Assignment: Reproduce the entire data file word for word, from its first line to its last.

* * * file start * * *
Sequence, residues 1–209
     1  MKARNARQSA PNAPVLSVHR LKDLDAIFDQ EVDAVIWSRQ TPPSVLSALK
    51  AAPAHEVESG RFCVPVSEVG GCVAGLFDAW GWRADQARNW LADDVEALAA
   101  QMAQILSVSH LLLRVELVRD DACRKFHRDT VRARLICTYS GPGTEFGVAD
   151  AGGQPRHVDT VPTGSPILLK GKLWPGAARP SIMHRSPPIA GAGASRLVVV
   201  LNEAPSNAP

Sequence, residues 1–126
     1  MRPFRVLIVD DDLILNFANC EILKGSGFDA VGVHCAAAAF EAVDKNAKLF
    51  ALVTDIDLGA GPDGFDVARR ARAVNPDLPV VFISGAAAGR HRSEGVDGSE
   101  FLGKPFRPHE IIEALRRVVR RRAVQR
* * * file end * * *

Sequence, residues 1–209
     1  MKARNARQSA PNAPVLSVHR LKDLDAIFDQ EVDAVIWSRQ TPPSVLSALK
    51  AAPAHEVESG RFCVPVSEVG GCVAGLFDAW GWRADQARNW LADDVEALAA
   101  QMAQILSVSH LLLRVELVRD DACRKFHRDT VRARLICTYS GPGTEFGVAD
   151  AGGQPRHVDT VPTGSPILLK GKLWPGAARP SIMHRSPPIA GAGASRLVVV
   201  LNEAPSNAP

Sequence, residues 1–126
     1  MRPFRVLIVD DDLILNFANC EILKGSGFDA VGVHCAAAAF EAVDKNAKLF
    51  ALVTDIDLGA GPDGFDVARR ARAVNPDLPV VFISGAAAGR HRSEGVDGSE
   101  FLGKPFRPHE IIEALRRVVR RRAVQR